It is a direct contradiction, and it was framed as such.

    The Buckley paper was written as a specific response to the Thomas paper, which was a leading source for the IPCC claim.

    The Buckley paper begins: “Thomas et al. argue, contrary to Sala et al., that climate change poses an equal or greater threat to global biodiversity than land-use change.

    .We contest this claim, however, on the grounds that Thomas et al. incorrectly apply species–area relationships.”

    Buckley thought she was making a contradiction, and so did Nature.

  41. #41 Rick Bradford
    October 5, 2010

    I guess you really can’t see the contradiction between the IPCC statement of an alarming positive trend, and Buckley’s statement that no such trend can be identified.

    I am honestly surprised that you can’t see it, as to me it seems perfectly plain and obvious.

    That being the case, I shall leave you to conduct this discussion on your own, and shall withdraw, rather perplexed at the different standards of logic that seem to apply here.

  42. #42 ChrisC
    October 5, 2010

    I’m going to go out on a limb here an defend Rick Bradford for this statement:

    wish Karoly had told ‘Four Corners’ that “blah blah blah”. But he doesn’t. He says “blah blah blah”,

    Rick’s, IMHO, is not an unreasonable position. Expecting scientist to carefully consider their choice of words, even when giving interviews to the popular press, is something that’s not unreasonable to expect. While I disagree with Rick’s proposed statement, if I had been in Karoly’s position, I would have said something different. Rick, I kinda agree with you here!

    As for this:

    The Buckley paper begins: “Thomas et al. argue, contrary to Sala et al., that climate change poses an equal or greater threat to global biodiversity than land-use change.

    We contest this claim, however, on the grounds that Thomas et al. incorrectly apply species–area relationships

    I’m afraid you’re on your own. I’ve highlighted what I think is the key part of what you’ve quoted. Below are a few bits and pieces from chapter 4 of AR4 (WGII) . I’ll let you work out why I, and just about every other person here, thinks you’re wrong on this point:

    It appears that moderate levels of atmospheric CO2 rise and climate change relative to current conditions may be beneficial in some regions (Nemani et al., 2003), depending on latitude, on the CO2 responsiveness of plant functional types, and on the
    natural adaptive capacity of indigenous biota… (page 240)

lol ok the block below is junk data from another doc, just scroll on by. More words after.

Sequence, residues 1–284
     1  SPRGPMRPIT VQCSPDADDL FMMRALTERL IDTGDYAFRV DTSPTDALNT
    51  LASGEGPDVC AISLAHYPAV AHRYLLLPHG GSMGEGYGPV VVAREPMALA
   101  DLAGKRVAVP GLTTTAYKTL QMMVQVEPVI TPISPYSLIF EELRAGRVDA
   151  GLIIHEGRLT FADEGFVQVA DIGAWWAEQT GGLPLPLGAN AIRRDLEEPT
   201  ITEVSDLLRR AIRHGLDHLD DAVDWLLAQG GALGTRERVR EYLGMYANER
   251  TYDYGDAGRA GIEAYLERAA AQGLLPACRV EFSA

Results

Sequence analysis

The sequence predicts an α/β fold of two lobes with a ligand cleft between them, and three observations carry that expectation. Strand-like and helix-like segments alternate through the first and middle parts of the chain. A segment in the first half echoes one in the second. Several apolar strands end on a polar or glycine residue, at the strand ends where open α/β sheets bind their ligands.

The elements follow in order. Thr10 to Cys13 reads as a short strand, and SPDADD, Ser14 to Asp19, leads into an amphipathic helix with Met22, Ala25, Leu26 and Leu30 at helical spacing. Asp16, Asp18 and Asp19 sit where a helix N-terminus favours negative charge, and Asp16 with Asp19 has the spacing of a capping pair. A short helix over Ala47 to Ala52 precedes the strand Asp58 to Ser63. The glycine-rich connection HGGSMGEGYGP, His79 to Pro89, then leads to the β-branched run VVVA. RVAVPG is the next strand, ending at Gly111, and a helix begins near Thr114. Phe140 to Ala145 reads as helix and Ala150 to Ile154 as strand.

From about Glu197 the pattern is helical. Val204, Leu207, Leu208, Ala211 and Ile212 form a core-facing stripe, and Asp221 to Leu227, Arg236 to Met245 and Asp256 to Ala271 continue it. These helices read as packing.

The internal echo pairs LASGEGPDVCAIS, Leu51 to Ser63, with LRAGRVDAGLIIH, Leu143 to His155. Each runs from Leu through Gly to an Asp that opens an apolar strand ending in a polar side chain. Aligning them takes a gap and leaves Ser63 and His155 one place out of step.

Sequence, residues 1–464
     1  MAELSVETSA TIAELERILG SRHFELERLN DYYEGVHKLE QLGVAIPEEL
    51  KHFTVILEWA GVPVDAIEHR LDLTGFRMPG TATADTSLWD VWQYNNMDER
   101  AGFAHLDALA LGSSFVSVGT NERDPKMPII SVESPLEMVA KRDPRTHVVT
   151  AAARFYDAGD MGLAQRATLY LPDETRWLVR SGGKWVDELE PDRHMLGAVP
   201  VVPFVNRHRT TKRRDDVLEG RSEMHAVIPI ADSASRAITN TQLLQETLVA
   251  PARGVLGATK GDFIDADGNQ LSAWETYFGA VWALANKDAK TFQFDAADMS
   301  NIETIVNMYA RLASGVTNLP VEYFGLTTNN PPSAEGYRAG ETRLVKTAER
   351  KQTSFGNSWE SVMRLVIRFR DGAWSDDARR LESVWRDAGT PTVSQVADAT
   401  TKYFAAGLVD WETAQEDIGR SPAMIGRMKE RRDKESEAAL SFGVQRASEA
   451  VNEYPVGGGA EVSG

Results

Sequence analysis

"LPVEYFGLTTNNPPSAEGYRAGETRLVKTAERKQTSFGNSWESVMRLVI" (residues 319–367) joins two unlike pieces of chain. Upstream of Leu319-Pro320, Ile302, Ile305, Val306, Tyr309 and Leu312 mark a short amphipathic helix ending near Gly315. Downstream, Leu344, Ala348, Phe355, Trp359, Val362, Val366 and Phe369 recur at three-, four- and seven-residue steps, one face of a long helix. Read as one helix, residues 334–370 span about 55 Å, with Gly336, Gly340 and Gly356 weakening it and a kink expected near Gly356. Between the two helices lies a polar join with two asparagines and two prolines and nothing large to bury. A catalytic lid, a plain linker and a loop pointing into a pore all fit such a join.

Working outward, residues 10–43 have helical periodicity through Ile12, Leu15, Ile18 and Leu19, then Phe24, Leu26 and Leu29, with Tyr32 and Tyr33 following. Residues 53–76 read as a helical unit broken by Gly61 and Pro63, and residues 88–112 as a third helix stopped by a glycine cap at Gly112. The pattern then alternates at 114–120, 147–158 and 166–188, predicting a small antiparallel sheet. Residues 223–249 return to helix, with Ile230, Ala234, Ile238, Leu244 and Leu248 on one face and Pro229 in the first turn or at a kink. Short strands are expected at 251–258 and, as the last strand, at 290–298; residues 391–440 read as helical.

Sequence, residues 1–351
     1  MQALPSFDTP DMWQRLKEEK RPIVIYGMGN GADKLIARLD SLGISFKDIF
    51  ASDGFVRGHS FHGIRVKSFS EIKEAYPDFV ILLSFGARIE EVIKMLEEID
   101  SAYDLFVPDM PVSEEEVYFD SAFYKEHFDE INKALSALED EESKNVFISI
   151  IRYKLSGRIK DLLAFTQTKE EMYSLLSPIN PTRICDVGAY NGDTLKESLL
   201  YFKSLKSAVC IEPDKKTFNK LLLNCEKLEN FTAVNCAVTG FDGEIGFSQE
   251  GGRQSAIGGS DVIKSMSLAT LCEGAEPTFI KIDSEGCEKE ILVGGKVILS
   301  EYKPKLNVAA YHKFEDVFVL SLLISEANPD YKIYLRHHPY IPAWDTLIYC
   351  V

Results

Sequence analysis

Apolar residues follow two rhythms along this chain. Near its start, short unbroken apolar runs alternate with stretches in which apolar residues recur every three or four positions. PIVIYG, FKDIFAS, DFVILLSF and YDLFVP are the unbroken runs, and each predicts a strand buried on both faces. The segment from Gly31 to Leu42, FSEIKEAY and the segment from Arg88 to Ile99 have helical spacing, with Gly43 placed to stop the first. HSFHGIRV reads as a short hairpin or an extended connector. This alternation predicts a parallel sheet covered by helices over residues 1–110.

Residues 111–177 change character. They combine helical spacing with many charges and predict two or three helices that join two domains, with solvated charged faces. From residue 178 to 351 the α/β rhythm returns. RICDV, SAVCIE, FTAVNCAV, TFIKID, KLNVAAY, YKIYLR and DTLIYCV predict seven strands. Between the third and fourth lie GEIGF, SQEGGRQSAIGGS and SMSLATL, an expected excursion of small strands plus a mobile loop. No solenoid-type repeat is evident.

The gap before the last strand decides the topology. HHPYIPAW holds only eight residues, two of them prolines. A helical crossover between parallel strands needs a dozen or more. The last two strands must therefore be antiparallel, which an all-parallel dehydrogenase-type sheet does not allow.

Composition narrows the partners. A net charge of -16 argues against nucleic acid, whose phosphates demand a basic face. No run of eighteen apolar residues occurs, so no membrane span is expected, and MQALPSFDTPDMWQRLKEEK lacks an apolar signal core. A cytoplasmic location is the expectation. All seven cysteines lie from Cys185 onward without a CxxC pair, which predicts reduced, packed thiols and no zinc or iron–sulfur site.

and

    Globally, biodiversity (represented by species richness and relative abundance) may decrease by 13 to 19% due to a combination of land-use change, climate change and nitrogen deposition under four scenarios by 2050 relative to species present in 1970 (Duraiappah et al., 2005). Looking at projected losses due to land-use change alone (native habitat loss), habitat reduction in tropical forests and woodland, savanna and warm mixed forest accounts for 80% of the species projected to be lost (about
    30,000 species – Sala, 2005). (page 241)

    and finally

    As indicated in the TAR, climate changes are being imposed on ecosystems experiencing other substantial and largely detrimental pressures. Roughly 60% of evaluated ecosystems
    are currently utilised unsustainably and show increasing signs of degradation (Reid et al., 2005; Hassan et al., 2005; Worm et al., 2006). This alone will be likely to cause widespread biodiversity loss… (page 241)

    The IPCC readily acknowledges uncertainties and the impact of land use changes in certain biomes. I can’t see any where in the AR4 where the IPCC says that “change poses an equal or greater threat to global biodiversity than land-use change.” across all biomes. Some yes. All no. I don’t see any contradiction.

    I do think we’ve been a bit hard on Rick. He’s certainly alot better than some of the trolls we get around here.

  43. #43 jakerman
    October 5, 2010

    Rick what are you playing at [making up quotes](http://scienceblogs.com/deltoid/2010/09/david_karoly_-_talk_on_climate.php#comment-2838185) to fabricate your argument?

    Did you not think you’d get [caught out](http://scienceblogs.com/deltoid/2010/09/david_karoly_-_talk_on_climate.php#comment-2838196)?

    Sheesh, how low can you go?

  44. #44 jakerman
    October 5, 2010

    After fabricating quotes Ricks posts become comical:

    >*I guess you really can’t see the contradiction between the IPCC statement of an alarming positive trend, and Buckley’s statement that no such trend can be identified.*